Annotation: This policy brief provides information about SNAP, a federal program that helps participants afford a nutritionally adequate diet each month, with a particular focus on ensuring that young children have adequate nutrition during this period of rapid brain development. The brief provides an overview of who SNAP supports and how it supports them, and also discusses food insecurity during the recession that began in 2008, other basic needs provided by the program, how the program helps immigrant families, how increasing SNAP benefit levels improves family diet quality and children's health, the cost of a healthy diet, and policy solutions.

Contact: Children's HealthWatch, Dowling Building, 771 Albany Street, Ground Floor, Boston, MA 02118, Telephone: (617) 414-6366 Fax: (617) 414-7915 E-mail: childrenshealthwatch@childrenshealthwatch.org Web Site: http://www.childrenshealthwatch.org Available from the website.

Keywords: Child health, Children, Cognitive development, Cost, Early childhood development, Economic factors, Families, Federal programs, Immigrants, Nutrition, Public policy, Supplemental food programs, Young children

National Association of Community Health Centers. 2012. Health wanted: The state of unmet need for primary health care in America. Bethesda, MD: National Association of Community Health Centers, 37 pp.

Annotation: This report, which focuses on the unmet need for primary health care in the United States, discusses why this need exists, contributing factors, and costs and consequences. The report presents community health centers as a solution to this problem and discusses identifying primary care needs, how health centers can meet these needs, the trend toward health centers filling the primary health care gap, and what still needs to be done.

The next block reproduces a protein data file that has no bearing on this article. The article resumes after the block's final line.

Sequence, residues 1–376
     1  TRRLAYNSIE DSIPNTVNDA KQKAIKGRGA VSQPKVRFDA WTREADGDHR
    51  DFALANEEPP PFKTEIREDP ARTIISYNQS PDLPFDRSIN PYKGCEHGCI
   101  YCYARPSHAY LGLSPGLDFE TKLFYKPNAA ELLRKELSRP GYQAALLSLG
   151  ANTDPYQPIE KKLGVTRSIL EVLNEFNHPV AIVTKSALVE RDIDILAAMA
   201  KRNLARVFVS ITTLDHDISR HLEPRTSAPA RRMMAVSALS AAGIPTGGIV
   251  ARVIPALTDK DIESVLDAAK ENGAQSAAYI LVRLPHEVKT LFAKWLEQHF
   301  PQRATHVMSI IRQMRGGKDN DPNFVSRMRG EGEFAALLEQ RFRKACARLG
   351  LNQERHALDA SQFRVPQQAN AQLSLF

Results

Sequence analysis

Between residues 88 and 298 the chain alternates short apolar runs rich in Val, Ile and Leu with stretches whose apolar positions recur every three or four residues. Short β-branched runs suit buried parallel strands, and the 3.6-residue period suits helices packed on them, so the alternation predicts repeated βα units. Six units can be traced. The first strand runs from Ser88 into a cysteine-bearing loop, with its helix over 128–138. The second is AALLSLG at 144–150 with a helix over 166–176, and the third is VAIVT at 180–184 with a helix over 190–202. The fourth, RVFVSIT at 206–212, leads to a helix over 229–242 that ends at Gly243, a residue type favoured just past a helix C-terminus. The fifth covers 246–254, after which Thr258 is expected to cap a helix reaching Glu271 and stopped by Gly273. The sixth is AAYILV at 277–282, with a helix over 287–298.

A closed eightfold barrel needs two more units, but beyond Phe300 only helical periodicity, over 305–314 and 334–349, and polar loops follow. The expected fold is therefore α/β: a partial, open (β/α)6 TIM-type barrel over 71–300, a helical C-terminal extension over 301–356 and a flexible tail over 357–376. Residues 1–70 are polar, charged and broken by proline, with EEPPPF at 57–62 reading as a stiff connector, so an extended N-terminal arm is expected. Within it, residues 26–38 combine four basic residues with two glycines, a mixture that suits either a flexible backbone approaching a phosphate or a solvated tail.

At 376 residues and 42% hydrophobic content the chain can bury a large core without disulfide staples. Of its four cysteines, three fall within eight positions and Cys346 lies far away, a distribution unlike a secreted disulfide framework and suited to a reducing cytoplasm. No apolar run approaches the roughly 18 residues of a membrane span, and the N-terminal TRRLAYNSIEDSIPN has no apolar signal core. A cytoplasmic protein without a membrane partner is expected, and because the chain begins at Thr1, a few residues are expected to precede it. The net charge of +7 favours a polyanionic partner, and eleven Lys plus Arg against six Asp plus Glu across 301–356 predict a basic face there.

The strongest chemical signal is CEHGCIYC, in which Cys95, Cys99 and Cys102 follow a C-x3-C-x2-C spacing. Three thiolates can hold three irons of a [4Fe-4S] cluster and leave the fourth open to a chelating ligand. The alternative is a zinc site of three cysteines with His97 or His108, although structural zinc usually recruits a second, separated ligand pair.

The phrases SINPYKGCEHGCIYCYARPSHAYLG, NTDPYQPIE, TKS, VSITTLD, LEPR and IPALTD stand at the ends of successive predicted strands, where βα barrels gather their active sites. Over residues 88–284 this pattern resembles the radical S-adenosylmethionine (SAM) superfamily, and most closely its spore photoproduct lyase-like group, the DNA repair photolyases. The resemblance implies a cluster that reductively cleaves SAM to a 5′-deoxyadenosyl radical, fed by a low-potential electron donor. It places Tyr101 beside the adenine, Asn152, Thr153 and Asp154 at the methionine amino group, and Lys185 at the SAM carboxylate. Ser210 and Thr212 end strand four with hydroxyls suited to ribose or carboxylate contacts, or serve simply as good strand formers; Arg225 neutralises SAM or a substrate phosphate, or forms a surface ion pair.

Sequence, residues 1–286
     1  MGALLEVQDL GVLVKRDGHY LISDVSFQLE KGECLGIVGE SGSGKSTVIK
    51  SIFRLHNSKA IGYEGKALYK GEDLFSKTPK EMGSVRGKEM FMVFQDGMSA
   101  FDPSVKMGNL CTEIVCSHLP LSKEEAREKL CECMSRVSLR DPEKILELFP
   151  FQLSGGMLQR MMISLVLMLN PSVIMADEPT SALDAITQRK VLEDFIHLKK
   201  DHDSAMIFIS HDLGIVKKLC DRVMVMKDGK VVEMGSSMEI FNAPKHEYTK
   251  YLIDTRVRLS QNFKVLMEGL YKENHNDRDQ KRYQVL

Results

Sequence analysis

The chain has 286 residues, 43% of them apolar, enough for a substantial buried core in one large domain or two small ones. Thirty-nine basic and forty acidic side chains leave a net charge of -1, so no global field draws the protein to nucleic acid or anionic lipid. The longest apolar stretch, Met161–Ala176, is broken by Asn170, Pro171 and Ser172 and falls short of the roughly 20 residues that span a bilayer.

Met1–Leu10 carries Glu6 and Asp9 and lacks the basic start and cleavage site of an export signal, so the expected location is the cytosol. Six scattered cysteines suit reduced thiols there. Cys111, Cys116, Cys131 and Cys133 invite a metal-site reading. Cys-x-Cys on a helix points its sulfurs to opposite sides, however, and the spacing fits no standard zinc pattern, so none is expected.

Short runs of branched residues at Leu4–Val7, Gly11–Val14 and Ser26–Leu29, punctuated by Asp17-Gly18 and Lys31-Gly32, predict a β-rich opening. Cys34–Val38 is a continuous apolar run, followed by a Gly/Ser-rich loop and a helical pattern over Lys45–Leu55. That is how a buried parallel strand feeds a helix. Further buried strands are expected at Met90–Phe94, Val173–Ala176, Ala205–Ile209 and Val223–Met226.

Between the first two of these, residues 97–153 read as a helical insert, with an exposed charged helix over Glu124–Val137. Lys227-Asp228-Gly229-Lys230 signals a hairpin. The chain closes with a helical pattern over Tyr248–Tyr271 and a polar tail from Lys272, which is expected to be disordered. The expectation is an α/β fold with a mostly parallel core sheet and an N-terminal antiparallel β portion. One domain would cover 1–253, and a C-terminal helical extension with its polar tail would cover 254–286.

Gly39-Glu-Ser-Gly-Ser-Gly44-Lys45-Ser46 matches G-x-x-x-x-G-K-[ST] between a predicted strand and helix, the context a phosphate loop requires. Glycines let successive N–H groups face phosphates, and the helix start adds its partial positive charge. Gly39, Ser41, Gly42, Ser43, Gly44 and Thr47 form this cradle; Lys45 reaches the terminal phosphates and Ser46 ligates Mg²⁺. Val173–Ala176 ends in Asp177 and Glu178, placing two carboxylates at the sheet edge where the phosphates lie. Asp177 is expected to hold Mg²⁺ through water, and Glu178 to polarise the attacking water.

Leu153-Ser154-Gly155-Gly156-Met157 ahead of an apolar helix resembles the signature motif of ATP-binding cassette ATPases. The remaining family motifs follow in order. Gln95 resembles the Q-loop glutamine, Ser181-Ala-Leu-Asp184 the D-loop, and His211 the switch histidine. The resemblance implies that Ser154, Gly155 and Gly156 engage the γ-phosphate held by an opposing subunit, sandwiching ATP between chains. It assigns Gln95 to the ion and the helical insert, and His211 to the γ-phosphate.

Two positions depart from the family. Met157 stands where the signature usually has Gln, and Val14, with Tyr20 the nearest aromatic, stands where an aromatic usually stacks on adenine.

Contact: National Association of Community Health Centers, 7501 Wisconsin Avenue, Suite 1100W, Bethesda, MD 20814, Telephone: (301) 347-0400 Web Site: http://nachc.org

Keywords: Access to health care, Chronic illnesses and disabilities, Community health centers, Community health services, Costs, Culturally competent services, Geographic factors, Cultural factors, High risk groups, Immigrants, Income factors, Low income groups, Poverty, Primary care, Underserved communities, Uninsured persons

Zero to Three. 2012. Making it happen: Overcoming barriers to providing infant-early childhood mental health. Washington, DC: Zero to Three, 20 pp.

Annotation: This publication describes the scientific evidence for infant and early childhood mental health services (I-ECMH) policies; examine issues faced by national, state, and local program directors and mental health professionals in providing I-ECMH services; and propose a set of recommendations for policy improvements at the federal level. The publication also provides context for the issues states face when financing services for vulnerable populations. Topics include the importance of including a strong and well-financed I-ECMH component in successful learning and development systems, the science of I-ECMH, barriers, the importance of responding to need of young children who participate in Medicaid, Medicaid eligibility of immigrants and their children, and I-ECMH as a building block to promote greater success for high-needs children when they reach school.